The Origins of Labor Day and why we celebrate It


After the sunny, relaxing days of summer, when most kids are back in school, the first Monday in September is observed as Labor Day. We all look forward to this long weekend and to the approaching fall. On this national holiday people enjoy their day off with friends and family, and events such as picnics, family reunions or other parties or parades are common. But have you ever wondered about how Labor Day originated, and why we celebrate it? Let’s find out.

A little bit of history….

In the late 1800s, when the Industrial Revolution was at its peak in the United States, an average American worker worked 12-hour days all seven days a week just to make a basic living. You could even see kids as young as 5 or 6 years old toiling in the mills and earning just a fraction of what the adults earned. People were quite poor and faced unsafe working conditions. In the late 18th century, labor unions began to form, and with time, grew more vocal and prominent. They soon organized strikes and rallies to renegotiate pay and working hours from employers.

On September 5, 1882, 10,000 workers in New York took unpaid time off to march from City Hall to Union Square, holding the first Labor Day parade in U.S. history. This idea of a holiday honoring the working men and women caught on and many states passed legislation recognizing the day. Congress, however, legalized the holiday only 12 years later. To this day there is doubt as to who proposed this holiday for workers. The two names that are brought up in this regard are those of Peter J. McGuire, general secretary of the Brotherhood of Carpenters and Joiners and a cofounder of the American Federation of Labor, and Matthew Maguire, a machinist.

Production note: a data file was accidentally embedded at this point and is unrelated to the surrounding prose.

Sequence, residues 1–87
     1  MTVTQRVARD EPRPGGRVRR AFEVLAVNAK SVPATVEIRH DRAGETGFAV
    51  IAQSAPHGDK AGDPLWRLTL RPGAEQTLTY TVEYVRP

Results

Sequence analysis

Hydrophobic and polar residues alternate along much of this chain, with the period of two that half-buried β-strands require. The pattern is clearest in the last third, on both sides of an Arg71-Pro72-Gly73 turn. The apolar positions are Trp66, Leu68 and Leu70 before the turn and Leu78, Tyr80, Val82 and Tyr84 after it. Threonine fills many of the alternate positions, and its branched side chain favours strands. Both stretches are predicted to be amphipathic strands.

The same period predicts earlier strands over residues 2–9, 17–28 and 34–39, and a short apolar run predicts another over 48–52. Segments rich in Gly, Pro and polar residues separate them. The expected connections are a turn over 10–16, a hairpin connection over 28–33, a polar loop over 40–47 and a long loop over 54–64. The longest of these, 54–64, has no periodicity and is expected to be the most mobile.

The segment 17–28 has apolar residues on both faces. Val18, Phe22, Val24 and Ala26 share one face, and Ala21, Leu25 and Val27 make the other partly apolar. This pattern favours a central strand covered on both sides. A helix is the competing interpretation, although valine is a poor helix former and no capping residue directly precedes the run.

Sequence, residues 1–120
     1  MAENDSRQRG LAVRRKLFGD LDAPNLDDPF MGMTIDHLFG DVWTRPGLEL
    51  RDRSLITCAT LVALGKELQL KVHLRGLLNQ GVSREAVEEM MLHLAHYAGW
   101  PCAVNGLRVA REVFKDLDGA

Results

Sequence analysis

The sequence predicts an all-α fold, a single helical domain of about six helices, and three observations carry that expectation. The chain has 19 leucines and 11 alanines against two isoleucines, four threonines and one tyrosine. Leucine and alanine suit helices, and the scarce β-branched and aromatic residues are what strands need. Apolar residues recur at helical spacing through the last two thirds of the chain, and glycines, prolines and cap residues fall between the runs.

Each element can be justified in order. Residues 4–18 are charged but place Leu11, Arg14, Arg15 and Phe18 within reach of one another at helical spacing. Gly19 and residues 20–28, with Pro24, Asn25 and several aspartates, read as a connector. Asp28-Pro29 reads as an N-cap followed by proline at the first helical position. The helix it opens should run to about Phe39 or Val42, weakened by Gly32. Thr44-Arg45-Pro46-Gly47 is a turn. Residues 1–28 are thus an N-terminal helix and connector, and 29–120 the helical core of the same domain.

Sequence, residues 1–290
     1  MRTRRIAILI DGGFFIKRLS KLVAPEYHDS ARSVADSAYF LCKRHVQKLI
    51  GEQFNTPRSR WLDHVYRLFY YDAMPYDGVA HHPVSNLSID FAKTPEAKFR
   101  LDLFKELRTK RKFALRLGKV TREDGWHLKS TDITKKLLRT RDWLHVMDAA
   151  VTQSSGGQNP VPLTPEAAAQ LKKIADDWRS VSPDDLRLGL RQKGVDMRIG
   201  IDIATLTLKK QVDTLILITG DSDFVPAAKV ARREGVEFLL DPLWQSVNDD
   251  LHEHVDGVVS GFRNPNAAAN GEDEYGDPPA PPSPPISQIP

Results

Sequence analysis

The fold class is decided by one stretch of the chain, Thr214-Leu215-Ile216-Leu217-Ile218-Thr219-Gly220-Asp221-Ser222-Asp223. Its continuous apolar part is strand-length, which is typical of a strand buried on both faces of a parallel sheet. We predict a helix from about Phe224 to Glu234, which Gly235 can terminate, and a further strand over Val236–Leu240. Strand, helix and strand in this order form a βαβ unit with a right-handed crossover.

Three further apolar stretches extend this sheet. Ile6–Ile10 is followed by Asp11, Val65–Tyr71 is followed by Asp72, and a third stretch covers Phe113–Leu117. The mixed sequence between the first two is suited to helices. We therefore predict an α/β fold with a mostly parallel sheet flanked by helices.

Celebrating and honoring the workers

For over a 100 years, this holiday has been observed to show gratitude for workers and their families. In keeping with the significance of this day, street parades are held, and speeches are made by prominent men and women. Over the years, there are other events that have become a part of Labor Day. The day is the “unofficial end of summer” and also marks the start of many fall sports.

Fashionistas consider this the last day when it is appropriate to wear white! With everyone having the day off, retailers wanted to take advantage of the large number of potential customers, and so Labor Day weekend sales have become one of the most important sales of the year, second only to Christmas and Black Friday.

Parties, barbeques, athletic activities, mini vacations, picnics, company events, and more have all become a part of this important day. Not only is it a day of fun and relaxation, more importantly, it is a yearly national tribute to all the hardworking people in America, whose dedication and sacrifice has made our nation strong and prosperous.

So as you celebrate Labor Day this year, do not forget the true significance of this day and thank the hardworking people who have made this nation great.

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